SP: AAPI women are perceived as model minorities. We are token POC. The term BIPOC doesn’t even include us. Our presence allows organizations to tick off the racial diversity box, but we are often seen as white-adjacent and white-allied. When I lived in the South, this was never more apparent. Being Asian in a binary world of black and white, people do not perceive that the AAPI experience exists on its own outside of that. When AAPI women are outspoken, we are seen as dragon ladies, tiger mothers – negative stereotypes devoid of vulnerability and the strength that is inherent to feminine wisdom. We are not permitted to be whole or human; just caricatures of what culture and patriarchy projects onto us. In this way, it is very hard to be seen for who we are, for our own legacies and histories of trauma. It troubled me that it seemed unacceptable to AT staff and board that AAPI women jurors recommend AAPI women for awards.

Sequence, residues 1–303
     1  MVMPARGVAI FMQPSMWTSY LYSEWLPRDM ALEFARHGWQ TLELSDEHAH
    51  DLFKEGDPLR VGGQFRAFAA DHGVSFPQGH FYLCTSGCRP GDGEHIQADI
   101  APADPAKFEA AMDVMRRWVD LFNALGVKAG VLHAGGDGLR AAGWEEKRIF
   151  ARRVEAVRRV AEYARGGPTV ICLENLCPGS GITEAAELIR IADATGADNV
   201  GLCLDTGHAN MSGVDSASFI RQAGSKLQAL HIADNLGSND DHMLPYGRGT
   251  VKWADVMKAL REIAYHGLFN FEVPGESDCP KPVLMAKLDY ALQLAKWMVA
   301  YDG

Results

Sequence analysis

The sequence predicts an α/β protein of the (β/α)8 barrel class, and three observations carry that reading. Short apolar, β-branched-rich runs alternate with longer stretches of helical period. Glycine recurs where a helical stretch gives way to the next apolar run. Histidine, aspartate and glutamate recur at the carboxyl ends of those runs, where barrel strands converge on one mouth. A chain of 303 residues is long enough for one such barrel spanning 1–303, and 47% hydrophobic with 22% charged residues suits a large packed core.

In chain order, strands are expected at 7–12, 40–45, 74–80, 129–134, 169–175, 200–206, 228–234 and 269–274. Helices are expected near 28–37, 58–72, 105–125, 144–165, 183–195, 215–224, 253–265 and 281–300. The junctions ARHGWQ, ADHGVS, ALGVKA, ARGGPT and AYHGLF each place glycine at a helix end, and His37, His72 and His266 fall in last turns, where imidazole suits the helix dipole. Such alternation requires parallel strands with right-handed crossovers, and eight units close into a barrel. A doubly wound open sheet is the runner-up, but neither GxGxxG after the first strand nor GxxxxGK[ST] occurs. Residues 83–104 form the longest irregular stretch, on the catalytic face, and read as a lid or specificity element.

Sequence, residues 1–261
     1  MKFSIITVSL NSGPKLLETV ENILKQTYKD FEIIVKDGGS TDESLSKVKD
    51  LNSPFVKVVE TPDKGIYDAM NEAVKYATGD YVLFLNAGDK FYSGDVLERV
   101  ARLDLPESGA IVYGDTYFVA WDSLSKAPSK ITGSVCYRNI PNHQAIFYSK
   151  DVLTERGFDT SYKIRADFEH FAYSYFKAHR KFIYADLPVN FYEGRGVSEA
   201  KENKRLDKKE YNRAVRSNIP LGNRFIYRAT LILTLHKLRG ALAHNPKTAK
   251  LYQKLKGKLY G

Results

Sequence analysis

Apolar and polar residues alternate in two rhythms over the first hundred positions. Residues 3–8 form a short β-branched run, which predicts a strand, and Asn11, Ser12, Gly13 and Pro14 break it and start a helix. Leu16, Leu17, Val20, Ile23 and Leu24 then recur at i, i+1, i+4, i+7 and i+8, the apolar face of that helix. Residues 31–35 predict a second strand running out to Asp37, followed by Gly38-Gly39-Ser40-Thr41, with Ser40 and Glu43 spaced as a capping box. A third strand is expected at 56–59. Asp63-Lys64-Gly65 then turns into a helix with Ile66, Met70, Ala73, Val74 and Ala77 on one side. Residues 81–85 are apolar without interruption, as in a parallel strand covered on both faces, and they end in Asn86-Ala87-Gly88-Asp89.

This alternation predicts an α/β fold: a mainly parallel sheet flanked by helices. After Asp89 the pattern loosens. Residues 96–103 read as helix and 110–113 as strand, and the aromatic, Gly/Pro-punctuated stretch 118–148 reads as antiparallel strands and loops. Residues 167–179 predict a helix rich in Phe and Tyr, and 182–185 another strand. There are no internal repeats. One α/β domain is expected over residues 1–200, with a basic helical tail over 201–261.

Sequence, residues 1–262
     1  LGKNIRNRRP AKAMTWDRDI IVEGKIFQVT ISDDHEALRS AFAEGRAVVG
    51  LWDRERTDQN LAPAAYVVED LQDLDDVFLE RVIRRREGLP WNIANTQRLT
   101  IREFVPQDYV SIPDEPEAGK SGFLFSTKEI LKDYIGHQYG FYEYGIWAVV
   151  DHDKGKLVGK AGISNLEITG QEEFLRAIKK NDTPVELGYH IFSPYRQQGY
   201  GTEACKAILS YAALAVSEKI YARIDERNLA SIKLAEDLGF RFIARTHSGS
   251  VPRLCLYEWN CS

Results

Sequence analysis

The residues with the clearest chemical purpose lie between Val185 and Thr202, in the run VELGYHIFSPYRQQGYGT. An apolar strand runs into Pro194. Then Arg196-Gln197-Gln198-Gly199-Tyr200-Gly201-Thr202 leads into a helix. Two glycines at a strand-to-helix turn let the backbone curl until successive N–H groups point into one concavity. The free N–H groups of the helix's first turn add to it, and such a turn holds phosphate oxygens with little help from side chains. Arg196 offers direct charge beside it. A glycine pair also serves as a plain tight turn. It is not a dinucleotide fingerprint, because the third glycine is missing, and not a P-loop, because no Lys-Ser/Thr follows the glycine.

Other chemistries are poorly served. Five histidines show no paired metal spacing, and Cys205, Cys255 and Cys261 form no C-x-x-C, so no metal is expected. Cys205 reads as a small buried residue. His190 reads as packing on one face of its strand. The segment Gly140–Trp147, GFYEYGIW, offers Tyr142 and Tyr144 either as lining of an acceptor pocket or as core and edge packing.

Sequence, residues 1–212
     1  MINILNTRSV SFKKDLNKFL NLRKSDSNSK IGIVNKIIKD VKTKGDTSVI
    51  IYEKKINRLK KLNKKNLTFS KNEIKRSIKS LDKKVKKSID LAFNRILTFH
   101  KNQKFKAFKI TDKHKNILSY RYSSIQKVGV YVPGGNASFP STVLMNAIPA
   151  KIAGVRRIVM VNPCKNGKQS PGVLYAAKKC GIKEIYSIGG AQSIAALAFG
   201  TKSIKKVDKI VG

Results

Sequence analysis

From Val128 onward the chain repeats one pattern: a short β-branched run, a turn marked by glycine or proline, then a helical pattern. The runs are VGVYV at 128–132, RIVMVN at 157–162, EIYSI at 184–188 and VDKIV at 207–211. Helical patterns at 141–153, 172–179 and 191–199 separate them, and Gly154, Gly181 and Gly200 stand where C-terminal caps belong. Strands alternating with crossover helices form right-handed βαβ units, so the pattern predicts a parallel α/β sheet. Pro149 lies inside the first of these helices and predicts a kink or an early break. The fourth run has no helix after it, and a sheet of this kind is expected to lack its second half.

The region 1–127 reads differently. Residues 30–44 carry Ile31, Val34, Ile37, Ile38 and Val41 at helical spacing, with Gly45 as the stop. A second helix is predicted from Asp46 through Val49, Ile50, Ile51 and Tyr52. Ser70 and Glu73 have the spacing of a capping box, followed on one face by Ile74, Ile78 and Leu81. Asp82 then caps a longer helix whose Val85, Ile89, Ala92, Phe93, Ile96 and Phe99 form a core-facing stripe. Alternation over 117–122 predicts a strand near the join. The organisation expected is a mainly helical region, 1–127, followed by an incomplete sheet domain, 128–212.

AYA: That should have never been in question. Why was this never leveraged when white men picked only white men, for decades to win awards? This is where it gets twisted. So when the winners happened to be Asian, it was assumed we were biased automatically? There are over 3 billion people who are Asians. So I have a bias in favor of half the world’s population? If there’s an Asian in the mix, it’s my kin? My skin? We were constantly othered in this process. Good enough to be selected as jurors but not good enough to make the deliberations. Once the subject, such as us, decides to speak and make what each of us thought were fair and thoughtful, consensus driven choices there was suddenly an air of suspicion, mainly pushed forth by the program director and I suspect the ED and board believed it. It’s a false assumption deeply rooted in racist ideology. I didn’t go into this room thinking I was only going to vote for AAPIs or AAPI women and plus, the two of us were not the only people in the room with a say. There were three other jurors who narrowed down the applicants and who helped to select the finalists. And in fact, because I’m so hyper aware of the biases that could be placed upon me, I was even harder on my fellow AAPIs. Folks don’t realize that the Asians didn’t get a free pass.